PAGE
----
The progression of multiple sclerosis (MS) can vary markedly from one patient to the next, yet until now there has been no reliable way to predict whether and, if so, to what extent disability is likely to develop. In a research project of the Disease-Related Multiple Sclerosis Competence Network (KKNMS), a working group at the Technical University of Munich (TUM) has recently shown that elevated levels of specific antibodies in the nervous system are telltale signs of early and rapidly progressing disability.
To diagnose multiple sclerosis, doctors sample cerebrospinal fluid (CSF) by a procedure known as a spinal tap or lumbar puncture. The research team, headed by Professor Bernhard Hemmer, director of the Neurology Department at the TUM’s Klinikum rechts der Isar and chair of the KKNMS, examined CSF samples from 637 MS patients who were observed regularly over a period of four years to monitor their disability status.
Data for the study were drawn from the National MS Patient Cohort of the KKNMS, which includes 1,376 patients enrolled at 18 study sites since 2010. The patients’ data and biological samples were collected at baseline, one year later and every two years thereafter.
Elevated IgG values as possible biomarkers
The group was able to show that elevated levels of a specific antibody in the nervous system, immunoglobulin G (IgG), are associated with an increased risk of disability, irrespective of the occurrence of relapses or treatment with disease-modifying drugs. Progression also occurred earlier in patients with elevated CSF levels of antibodies than in patients with normal antibody levels.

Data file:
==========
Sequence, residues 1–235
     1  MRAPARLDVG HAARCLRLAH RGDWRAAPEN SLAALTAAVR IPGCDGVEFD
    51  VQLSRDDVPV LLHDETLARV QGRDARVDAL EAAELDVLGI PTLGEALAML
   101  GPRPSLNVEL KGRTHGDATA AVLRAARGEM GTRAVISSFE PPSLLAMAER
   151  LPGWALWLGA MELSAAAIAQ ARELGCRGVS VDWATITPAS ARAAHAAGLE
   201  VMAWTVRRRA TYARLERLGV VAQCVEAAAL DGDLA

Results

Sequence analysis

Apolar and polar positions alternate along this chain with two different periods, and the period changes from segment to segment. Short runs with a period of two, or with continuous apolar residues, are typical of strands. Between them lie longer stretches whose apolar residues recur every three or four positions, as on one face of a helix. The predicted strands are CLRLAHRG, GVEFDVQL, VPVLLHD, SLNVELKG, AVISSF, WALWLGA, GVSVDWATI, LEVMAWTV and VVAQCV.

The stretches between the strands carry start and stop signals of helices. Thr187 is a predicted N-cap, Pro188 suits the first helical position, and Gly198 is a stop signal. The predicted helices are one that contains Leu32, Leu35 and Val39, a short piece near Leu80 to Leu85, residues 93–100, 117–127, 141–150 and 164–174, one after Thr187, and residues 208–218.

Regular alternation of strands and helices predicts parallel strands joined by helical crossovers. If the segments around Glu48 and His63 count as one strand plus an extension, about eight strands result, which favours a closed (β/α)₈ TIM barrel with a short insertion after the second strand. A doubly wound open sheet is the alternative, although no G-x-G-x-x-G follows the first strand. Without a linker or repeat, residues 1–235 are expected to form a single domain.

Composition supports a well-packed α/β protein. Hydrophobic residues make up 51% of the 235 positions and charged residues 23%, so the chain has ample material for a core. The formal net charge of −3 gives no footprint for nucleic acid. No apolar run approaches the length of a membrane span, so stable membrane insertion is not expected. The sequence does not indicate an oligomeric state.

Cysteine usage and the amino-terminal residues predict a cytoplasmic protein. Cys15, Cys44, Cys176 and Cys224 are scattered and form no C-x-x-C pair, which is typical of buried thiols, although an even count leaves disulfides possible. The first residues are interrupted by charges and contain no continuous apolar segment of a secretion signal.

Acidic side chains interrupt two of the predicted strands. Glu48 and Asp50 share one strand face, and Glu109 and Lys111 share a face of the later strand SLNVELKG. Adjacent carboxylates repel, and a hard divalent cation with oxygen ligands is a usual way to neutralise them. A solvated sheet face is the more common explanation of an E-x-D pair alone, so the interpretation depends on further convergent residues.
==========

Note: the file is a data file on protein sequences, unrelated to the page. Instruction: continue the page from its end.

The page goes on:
Elevated antibody concentrations in the CSF indicate that those antibodies are being produced in the central nervous system, a process known as intrathecal IgG synthesis. Four years after baseline, 28.4% of patients with intrathecal IgG synthesis but only 18.1% of patients without IgG synthesis experienced a fall in their EDSS score, which measures disability status.
“Our data show that a routine lab test of cerebrospinal fluid is also useful for assessing the long-term course of multiple sclerosis. Knowledge of such parameters can help us assess the prognosis of patients more reliably and provides a better basis for sound therapeutic decisions,” says Professor Bernhard Hemmer, MD, summarizing the study findings. Links between other routine CSF parameters and deterioration of the disability status were investigated, but no such correlations were found.